Are you an efficient hawk or a caring dove?

I suspect that target-world eradicates doves and at their passing the world is bereft. Something is missing which you cannot find on a spreadsheet, you can’t quantify it with a graph. The dove-vacuum is most sorely missed when there is call for a gentle caring touch. A hawk is no good at mopping tears or quenching sobs with a hug. All that sense making, all that reason, only goes so far. Ambition causes collateral damage and without humanity, it gets very bleak.

Having cued this up:

Are you a hawk or a dove?

If hawk, have you ever even noticed the dove-vacuum?

If dove, do you sometimes despair for the hawks?

Are You Reasonable?

Many think that being reasonable is a good thing, they may even aspire to the accolade of reasonable man, thinking that this might imply a sound, comprehensive faculty of discernment and weighing all the angles of an argument. But reason only goes so far, so often it merges with excuse and justification. And these have to be sold to others. It takes a brave man to point out that a justification is not the same as something fully reasoned. There is a major fallacy associated with reason and this is that almost inevitably it is based in a socio-political context. The two things are inextricably linked, because reason has to it the normative basis of what society deems reasonable. As a consequence, reason, strange as it may seem, can be causal of atrocity. If we don’t like the way a bunch of a-rabs are behaving then it is reasonable to effect regime change which causes death, destruction and a massive migration crisis; which in turns leads to unrest at home. Reason is not infallible and more often it is a way of arguing for something we want, seek or desire. It is a pretend pseudo-logic used to justify.

Reason is a tool for manipulation, it lies aback the salesman’s pitch and the advertiser’s enticement. The reason for using this lovely fifteen compartment washing capsule is that it is so much better and more convenient than our competitor. Their washing capsule has only fourteen compartments, Q.E.D., our capsule is better, and you need to pay that little bit extra to join the enlightened users of the novel quantum chromodynamic washing system. Should you do this instantaneously you will be transformed into a model, a sex goddess and a perfect mum, who will be the envy of all and sundry.

OK, I have over-egged this, but do you get the idea? Reason can be used to manipulate.

Reason can have a convenient and expedient, self or group centred myopia.

What is reasonable in one socio-political context, is unreasonable in another. And reason has a poor memory, it is also selective. For example, many claim to be Christian and unless I am mistaken vengeance is not a Christian value. Yet we have people, claiming to be Christian insisting that it is fair that a child murder be punished as an adult and for life in the USA. The victim can no longer walk the earth; therefore, the perpetrator must be locked away until they die. The reasoning is faulty. It is used to manipulate a desired outcome, in this case vengeance. It is not fair that the perpetrator should be free, ever.

Attached to this notion of reason is this equally bizarre notion of fair. Many a highly paid executive justifies an inflated salary on grounds of fairness, but it is a selective justification in which the more able arguer wins a greater salary. What is fair can be only in the eyes of the person making this claim. Everybody else is wrong. If one is using reason, it is not reasonable that there is such a huge pay differential. It is skewed, but the skewing need not be so marked. To be true some are simply greedy bastards.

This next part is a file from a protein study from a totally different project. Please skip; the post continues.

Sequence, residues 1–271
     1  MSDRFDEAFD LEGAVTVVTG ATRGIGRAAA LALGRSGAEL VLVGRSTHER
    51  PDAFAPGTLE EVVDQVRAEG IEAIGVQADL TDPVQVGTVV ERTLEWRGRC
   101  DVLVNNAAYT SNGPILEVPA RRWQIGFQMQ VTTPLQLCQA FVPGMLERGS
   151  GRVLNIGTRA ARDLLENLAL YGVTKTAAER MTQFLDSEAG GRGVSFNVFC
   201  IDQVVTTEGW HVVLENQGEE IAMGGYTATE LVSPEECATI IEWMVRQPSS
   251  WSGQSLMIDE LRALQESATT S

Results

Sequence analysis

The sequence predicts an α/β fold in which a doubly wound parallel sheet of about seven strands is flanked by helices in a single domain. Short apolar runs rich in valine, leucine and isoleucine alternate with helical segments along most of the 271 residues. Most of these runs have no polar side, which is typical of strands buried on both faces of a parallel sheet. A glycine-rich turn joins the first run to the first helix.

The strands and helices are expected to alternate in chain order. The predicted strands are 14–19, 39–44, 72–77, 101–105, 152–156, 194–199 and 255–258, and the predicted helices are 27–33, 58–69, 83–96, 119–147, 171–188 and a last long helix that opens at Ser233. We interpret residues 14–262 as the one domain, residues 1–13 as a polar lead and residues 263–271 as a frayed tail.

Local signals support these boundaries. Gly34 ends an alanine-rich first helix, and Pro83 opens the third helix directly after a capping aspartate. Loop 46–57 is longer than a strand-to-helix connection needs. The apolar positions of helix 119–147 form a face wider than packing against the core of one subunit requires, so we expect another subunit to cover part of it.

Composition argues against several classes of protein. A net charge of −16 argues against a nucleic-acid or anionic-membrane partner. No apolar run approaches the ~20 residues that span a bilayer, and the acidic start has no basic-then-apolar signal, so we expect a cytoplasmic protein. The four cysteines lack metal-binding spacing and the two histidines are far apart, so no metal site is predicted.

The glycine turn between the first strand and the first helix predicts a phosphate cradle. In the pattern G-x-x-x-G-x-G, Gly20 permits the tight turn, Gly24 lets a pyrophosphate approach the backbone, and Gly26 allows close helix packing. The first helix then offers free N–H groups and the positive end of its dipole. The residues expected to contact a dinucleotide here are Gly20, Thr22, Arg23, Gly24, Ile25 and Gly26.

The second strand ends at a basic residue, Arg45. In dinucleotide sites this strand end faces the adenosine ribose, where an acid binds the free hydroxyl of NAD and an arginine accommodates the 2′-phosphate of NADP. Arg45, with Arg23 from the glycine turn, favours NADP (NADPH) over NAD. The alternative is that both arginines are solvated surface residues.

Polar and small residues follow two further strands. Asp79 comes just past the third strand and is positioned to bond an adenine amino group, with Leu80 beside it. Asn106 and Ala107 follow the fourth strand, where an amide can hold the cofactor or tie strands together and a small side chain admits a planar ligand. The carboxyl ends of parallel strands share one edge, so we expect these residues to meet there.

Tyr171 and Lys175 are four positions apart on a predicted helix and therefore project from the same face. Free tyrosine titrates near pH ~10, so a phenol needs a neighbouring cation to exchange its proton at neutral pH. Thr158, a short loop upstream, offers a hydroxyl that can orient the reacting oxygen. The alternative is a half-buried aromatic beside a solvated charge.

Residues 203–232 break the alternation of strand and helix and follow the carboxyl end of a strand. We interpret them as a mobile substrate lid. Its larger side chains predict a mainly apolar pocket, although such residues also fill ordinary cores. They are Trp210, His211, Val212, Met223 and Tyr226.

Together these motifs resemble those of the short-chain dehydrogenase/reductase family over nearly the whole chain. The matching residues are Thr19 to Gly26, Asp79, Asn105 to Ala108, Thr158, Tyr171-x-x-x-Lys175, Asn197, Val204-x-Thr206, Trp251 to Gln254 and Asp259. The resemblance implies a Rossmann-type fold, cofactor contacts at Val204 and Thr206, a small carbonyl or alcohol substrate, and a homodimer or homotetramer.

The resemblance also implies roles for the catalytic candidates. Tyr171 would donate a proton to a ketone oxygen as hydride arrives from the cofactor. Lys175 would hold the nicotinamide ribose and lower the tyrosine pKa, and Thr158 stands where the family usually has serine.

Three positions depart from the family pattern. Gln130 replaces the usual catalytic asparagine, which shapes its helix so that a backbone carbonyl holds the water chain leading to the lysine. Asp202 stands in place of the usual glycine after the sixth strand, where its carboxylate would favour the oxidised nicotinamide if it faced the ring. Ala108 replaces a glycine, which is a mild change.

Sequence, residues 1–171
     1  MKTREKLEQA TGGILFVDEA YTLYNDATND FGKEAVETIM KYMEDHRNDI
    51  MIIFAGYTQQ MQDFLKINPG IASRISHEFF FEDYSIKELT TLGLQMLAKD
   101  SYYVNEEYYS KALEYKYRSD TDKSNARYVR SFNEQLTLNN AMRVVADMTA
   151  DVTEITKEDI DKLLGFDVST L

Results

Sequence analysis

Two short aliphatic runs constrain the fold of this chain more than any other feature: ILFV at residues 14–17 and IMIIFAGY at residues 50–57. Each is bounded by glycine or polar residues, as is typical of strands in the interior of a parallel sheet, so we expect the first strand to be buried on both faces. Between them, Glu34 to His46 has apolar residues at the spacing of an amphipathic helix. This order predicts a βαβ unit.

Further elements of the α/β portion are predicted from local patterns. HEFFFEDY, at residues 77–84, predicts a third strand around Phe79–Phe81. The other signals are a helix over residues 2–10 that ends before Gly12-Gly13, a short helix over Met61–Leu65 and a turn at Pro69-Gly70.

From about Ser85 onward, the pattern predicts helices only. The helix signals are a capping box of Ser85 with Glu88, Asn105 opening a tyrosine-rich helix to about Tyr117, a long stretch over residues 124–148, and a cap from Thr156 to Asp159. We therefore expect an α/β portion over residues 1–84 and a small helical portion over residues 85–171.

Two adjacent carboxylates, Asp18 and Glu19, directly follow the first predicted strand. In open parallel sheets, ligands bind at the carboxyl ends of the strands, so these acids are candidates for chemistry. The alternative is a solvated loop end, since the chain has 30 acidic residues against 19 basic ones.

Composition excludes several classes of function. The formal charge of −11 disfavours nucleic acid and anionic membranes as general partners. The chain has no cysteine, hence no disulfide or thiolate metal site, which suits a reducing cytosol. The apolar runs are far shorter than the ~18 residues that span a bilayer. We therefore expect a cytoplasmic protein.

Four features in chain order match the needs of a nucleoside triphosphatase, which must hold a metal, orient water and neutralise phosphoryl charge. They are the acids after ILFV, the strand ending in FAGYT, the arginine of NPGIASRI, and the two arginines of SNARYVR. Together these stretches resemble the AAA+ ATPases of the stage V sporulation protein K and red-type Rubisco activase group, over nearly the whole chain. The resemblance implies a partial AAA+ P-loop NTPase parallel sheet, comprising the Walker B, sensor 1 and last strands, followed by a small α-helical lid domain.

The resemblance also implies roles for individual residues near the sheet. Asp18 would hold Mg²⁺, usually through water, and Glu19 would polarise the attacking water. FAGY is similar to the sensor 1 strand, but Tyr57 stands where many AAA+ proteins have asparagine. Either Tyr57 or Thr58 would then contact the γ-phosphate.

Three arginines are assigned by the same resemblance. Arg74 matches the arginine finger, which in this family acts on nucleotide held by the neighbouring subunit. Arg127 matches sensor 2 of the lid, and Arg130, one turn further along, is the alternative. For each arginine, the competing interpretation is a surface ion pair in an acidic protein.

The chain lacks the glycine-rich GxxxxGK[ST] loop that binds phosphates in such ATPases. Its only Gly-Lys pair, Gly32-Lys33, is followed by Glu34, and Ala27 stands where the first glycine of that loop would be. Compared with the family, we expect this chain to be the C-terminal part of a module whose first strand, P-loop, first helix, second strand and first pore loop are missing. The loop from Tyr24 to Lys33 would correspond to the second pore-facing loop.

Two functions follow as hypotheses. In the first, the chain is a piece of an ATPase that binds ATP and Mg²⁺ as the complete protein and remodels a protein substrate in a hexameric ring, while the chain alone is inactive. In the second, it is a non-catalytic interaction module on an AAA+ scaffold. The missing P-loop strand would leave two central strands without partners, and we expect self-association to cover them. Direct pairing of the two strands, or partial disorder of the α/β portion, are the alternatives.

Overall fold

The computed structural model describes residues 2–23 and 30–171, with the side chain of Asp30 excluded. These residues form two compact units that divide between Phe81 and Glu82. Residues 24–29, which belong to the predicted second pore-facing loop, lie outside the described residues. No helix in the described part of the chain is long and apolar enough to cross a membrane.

To be reasonable, is to be malleable, able to be reasoned. One can be persuaded, influenced, convinced, manipulated, brainwashed and brow beaten by reasons. The peer group and this “social consensus” thingamajig is a major component of reason. It is man-made and as a certain Vulcan might say, illogical.

At the back of reason there is often an agenda, simple as.

Having perhaps tainted this notion of reason:

Am I a reasonable being?

Is this a good thing?

Has my reason ever gotten me into trouble?

Is reason comprehensive and all encompassing?

Moral Leadership

Over the weekend we have had a politician berating a charity over its moral leadership. Which seems a bit rich. It is very easy for the pot to call the kettle black.

What then is this moral leadership? To whom do we look for this noumenon?

I suspect that like many things it comes down to the decisions we make and the actions we do. It comes down to those close call decisions about how we conduct ourselves. A decision may present the expedient and advantageous or the righteous and the morally upstanding. Given that success and acquisition hold more sway than righteousness in the minds of many, most would plump for the expedient and advantageous. People might overlook the dalliances if it leads to greater acquisition. We ignore faults so as to further some other agenda. A successful banker who makes lots of money for a company is unlikely to get much censure for his whoring and cocaine sniffing, provided that he brings in the bacon. That is unless somehow there is a PR risk caused say by an incriminating photo in the press or some such. There is something about a risk-taking mentality that leads to gain, so the bottom line is always the balance sheet. I would hazard a guess that the balance sheet is for many the only moral arbiter. But faults coagulate and grow by permission. Things overlooked for expedience can escalate and become very inconvenient in the fullness of time. A culture starts to pervade.

And of course, all ideals are subject to the realities of human imperfection. It is the easiest thing in the world to go “tut tut” and then not look at what oneself is doing. For the world is our mirror and reflects many things back for us to observe should we seek to do so.